Published by Little, Brown Books for Young Readers
Summary: At first the little girl with a big heart, big laugh, and big dreams loves being big. “What a big girl you are!” adults say happily. But as she gets older, being big is no longer considered a good thing. “Don’t you think you’re too big for that?” a teacher scolds when she gets stuck in a swing, surrounded by classmates who moo and call out other hurtful comments. She tries to blend in, trading her pink ballet costume for a gray one and becoming part of the scenery on stage. She grows bigger and bigger on each page until she is crammed, curled up and crying, on the two-page spread. Her tears turn into words: gray words like “too big” and “big cow” are mixed with pink words like “beautiful” and “creative.” Finally, she gathers up the pink words for herself and hands the gray ones back to the people who said them. Those people don’t always understand, but the girl is good, as she dances in her pink tutu off the final page. Includes an author’s note sharing her own experiences that inspired this book. 60 pages; ages 4-8.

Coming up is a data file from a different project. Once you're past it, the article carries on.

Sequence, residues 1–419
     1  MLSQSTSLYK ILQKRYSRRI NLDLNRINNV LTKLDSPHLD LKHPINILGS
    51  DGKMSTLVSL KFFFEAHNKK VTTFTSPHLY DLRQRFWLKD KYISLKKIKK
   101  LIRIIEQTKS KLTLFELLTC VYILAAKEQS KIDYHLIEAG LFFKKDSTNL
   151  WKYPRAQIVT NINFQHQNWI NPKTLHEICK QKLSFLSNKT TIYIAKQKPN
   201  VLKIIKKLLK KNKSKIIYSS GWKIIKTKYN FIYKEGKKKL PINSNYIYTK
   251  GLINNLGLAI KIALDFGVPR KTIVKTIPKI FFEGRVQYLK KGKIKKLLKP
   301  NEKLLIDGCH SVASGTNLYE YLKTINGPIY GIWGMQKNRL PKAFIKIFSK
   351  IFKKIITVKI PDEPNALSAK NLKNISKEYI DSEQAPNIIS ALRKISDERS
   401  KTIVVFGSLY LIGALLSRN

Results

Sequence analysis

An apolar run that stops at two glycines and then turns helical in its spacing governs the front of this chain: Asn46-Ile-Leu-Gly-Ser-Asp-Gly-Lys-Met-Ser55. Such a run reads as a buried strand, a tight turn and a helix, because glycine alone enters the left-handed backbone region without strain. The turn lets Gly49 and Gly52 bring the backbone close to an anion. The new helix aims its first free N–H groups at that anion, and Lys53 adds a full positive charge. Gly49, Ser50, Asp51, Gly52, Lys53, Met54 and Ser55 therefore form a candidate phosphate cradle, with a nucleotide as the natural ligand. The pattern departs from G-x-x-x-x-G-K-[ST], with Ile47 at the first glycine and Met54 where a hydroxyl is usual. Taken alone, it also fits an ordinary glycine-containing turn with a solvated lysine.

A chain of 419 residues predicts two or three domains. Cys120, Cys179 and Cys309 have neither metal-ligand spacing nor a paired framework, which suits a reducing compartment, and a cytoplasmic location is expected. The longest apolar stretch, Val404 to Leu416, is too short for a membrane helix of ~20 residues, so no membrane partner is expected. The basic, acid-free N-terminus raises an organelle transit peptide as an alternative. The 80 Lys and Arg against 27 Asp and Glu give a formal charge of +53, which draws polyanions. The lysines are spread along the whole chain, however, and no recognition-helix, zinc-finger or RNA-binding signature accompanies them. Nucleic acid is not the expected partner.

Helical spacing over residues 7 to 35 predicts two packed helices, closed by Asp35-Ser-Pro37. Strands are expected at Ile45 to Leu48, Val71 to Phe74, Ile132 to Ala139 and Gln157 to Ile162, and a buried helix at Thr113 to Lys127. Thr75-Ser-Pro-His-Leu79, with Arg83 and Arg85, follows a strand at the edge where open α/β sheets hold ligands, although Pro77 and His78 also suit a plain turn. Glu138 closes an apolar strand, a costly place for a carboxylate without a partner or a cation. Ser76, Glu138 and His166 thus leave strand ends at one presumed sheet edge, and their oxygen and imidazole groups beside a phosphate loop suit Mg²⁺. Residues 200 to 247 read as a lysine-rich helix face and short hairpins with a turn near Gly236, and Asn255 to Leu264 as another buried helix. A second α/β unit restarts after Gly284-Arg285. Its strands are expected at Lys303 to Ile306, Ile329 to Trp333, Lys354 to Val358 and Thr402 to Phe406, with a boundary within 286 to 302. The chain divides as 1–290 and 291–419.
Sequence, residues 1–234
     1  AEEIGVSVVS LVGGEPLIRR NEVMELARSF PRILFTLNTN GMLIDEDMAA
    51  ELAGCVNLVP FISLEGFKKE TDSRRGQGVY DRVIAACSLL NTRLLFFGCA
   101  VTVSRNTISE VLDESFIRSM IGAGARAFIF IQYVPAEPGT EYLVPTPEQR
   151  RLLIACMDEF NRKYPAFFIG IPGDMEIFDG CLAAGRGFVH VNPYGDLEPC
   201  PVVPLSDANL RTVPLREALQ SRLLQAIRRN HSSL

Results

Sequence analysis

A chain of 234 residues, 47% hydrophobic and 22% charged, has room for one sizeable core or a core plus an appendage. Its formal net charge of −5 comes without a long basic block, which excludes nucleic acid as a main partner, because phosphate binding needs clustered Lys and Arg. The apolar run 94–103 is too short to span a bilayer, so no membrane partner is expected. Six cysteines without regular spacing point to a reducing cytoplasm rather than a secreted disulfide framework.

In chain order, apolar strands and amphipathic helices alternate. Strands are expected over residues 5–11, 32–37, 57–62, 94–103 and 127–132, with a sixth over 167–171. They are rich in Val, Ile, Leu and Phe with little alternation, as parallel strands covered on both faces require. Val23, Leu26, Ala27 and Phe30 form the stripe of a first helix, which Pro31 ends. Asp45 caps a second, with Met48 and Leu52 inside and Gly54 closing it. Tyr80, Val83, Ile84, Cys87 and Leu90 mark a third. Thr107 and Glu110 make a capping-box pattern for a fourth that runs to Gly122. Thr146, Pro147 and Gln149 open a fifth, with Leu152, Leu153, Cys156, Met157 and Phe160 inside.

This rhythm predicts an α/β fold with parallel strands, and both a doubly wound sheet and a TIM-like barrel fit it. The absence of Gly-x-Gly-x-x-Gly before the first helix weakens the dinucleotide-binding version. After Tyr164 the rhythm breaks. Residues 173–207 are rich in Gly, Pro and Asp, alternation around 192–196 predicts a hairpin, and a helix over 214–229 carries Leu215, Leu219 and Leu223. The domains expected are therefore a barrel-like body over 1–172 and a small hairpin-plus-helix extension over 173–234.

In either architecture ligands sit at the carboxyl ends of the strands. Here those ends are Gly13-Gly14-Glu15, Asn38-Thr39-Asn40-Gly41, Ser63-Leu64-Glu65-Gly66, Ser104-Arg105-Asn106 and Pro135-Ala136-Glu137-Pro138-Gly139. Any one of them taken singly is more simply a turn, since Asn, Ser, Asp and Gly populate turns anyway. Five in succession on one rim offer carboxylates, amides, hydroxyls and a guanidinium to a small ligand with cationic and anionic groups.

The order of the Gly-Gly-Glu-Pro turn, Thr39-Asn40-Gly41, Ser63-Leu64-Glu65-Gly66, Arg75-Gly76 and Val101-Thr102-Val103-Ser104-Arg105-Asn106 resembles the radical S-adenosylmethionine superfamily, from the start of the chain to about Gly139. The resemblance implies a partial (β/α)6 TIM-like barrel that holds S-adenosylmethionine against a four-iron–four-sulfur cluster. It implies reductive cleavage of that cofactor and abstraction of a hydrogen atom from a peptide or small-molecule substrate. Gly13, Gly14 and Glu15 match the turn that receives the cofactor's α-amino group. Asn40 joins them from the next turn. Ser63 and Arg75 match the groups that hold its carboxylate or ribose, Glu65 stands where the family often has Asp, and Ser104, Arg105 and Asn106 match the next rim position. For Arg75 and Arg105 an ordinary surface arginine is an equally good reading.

Pros: An important book that addresses anti-fat bias and gives girls, especially Black girls, some tools for self-love and acceptance. The beautiful illustrations are a perfect complement to the text.
Cons: I have mixed feelings about gatefold pages like the one in this book. They are cool, but just don’t hold up well to repeated library use. The Knuffle Bunnies have been driving me crazy this year.
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